This section is from the book "The Human Body: An Elementary Text-Book Of Anatomy, Physiology, And Hygiene", by H. Newell Martin. Also available from Amazon: The Human Body.
All meats, whether derived from beast, bird, or fish, are highly valuable foods. They contain abundant albumen, more or less fat, and, when cooked, their connective tissue is in great part turned into gelatin. Pork is the least easily digested form of fresh meat, and contains a larger percentage of fat than most This fat, which, by its oxidation liberates much heat, makes it a good food in cold weather for persons with a good digestion. Pigs are especially liable to a parasite, called trichina, which lives in their muscles, and may be transferred thence to man, sometimes causing death. Hence pork should always be thoroughly cooked. Salted meats of all kinds are less digestible and less nutritious than fresh. Milk contains an albuminous substance (casein), also fats (butter), and a sugar, known as sugar of milk, in addition to useful mineral alimentary principles. It will support life longer than any other single food. Cheese consists essentially of the casein of milk: it is a very nutritive albuminous food. Eggs contain albumens and fats, and have a high nutritive value: they are more easily digested when cooked soft than hard. Wheat contains more than a tenth of its weight of proteids, more than half its weight of starch, some sugar, and a little fat. The albumen of wheat flour is mainly gluten, which when moistened with water forms a tenacious mass, and this it is to which wheaten bread owes its superiority. When the dough is made, yeast is added to it and causes fermentation by which, among other things, carbon dioxide gas is produced.* This gas, imprisoned in the tenacious dough and expanded by heat during baking, forms cavities in it, and causes the dough to "rise" and make "light bread," which is not only more pleasant to eat but more easily digested than heavy. Some grains contain a larger percentage of starch, but none have so much gluten as wheat; when bread is made from them the carbon dioxide gas escapes so readily from the less tenacious dough that it does not expand the mass properly. Corn contains less albumen, more starch, and more fat than wheat. Rice is poor in albumen but very rich in starch. Peas and beans are rich in albumen and contain about half their weight of starch. Potatoes are not very nourishing because they contain a great deal of water and only about one pound of albumen and fifteen pounds of starch in every hundred pounds of potatoes. Other fresh vegetables, as carrots, turnips, and cabbages, are valuable mainly for the salts they contain; their weight is chiefly due to water, and they contain but little starch, albumens, or fats. Fruits, like most fresh vegetables, are mainly valuable for their saline constituents, the other foodstuffs in them being only present in small proportion. Some kind of fresh vegetable is, however, a necessary article of diet, as shown by the scurvy which used to prevail among sailors before fresh vegetables or lime-juice were supplied to them.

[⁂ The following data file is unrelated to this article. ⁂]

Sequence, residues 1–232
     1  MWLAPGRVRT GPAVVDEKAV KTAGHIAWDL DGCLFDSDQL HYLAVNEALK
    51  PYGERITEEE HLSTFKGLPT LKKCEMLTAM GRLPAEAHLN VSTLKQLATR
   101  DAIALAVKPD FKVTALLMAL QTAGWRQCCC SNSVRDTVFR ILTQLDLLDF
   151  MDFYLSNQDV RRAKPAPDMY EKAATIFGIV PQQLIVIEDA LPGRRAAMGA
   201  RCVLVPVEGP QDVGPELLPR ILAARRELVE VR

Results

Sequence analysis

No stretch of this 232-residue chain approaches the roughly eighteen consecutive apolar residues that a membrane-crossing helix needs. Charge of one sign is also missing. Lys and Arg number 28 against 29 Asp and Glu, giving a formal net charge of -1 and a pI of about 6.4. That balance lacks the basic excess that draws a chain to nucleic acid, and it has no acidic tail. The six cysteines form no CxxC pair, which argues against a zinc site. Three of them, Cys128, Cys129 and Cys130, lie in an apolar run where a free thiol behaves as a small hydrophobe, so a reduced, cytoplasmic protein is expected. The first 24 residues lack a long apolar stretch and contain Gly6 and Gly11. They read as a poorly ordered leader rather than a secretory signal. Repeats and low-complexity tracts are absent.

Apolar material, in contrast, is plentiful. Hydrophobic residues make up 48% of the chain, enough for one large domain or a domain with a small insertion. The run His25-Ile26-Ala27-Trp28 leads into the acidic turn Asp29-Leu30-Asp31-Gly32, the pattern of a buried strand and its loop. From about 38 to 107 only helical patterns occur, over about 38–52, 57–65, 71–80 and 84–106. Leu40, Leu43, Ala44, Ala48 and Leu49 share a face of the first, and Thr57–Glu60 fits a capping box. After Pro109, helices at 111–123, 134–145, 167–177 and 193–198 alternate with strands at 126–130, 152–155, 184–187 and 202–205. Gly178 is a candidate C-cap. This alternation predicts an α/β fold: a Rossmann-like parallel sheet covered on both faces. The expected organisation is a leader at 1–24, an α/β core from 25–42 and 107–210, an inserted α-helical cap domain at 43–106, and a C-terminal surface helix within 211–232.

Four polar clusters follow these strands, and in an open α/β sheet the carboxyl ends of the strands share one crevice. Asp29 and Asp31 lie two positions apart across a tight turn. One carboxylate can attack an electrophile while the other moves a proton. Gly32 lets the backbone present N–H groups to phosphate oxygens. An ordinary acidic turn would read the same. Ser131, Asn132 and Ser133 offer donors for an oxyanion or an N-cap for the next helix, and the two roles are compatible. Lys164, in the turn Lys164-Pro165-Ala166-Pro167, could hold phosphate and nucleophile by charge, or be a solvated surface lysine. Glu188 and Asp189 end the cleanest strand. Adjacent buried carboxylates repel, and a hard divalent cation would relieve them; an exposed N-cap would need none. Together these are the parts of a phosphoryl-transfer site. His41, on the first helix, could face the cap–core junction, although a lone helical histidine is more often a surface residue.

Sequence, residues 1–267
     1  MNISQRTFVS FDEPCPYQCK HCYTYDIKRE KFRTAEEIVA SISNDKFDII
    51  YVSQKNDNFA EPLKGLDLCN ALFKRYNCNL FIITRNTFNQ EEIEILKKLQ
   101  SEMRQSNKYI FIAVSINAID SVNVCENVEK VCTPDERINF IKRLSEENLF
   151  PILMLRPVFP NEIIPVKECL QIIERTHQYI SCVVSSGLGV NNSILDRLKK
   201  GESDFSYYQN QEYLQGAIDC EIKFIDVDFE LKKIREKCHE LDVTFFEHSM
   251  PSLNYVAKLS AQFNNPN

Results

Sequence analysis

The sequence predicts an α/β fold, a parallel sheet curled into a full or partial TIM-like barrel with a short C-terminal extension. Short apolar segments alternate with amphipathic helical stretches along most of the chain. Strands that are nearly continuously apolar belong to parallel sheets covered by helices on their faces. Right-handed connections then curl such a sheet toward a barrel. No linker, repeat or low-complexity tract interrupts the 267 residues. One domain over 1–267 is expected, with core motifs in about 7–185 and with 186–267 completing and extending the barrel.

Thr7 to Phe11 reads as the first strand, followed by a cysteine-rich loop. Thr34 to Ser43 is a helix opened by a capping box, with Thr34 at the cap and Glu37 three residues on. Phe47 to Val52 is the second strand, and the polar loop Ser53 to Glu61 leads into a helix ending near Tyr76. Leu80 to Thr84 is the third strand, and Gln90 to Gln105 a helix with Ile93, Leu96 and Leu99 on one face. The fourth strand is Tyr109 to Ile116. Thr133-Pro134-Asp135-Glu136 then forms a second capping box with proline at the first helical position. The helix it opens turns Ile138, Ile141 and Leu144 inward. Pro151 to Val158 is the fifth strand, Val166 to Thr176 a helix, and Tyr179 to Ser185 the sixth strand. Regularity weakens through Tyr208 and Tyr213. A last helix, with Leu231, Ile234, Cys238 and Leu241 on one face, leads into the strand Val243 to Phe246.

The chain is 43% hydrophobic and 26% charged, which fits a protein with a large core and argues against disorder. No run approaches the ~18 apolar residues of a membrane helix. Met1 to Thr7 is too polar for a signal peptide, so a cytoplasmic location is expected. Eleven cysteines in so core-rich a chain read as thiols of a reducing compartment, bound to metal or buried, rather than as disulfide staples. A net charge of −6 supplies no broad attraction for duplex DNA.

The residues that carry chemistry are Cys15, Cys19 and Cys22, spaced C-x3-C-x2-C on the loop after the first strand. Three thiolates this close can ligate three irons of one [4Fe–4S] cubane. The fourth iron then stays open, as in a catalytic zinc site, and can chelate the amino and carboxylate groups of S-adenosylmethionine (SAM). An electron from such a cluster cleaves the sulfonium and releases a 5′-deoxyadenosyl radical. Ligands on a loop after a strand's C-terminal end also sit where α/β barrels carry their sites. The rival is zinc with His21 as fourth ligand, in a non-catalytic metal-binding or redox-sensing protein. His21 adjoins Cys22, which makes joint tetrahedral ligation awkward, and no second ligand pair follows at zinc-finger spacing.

Give illustrations of the strength of the desire for salt. Why are meats valuable foods? How does pork differ from other fresh meats? Why is pork not a good form of food for summer?
Why should pork be well cooked ? How do salted meats differ in value as articles of diet from fresh? What foodstuffs exist in milk? What one food will support life longest? What is the chief alimentary principle in cheese? What is the nutritive value of cheese? What makes the value of eggs as foods? Are they more easily digested soft or hard boiled? What foodstuffs exist in wheat? Why is wheaten bread lighter than that made from other grains?
* The small amount of alcohol generated in the fermentation or rising of bread readily passes off in the heat of the oven. There is no alcohol in well baked bread.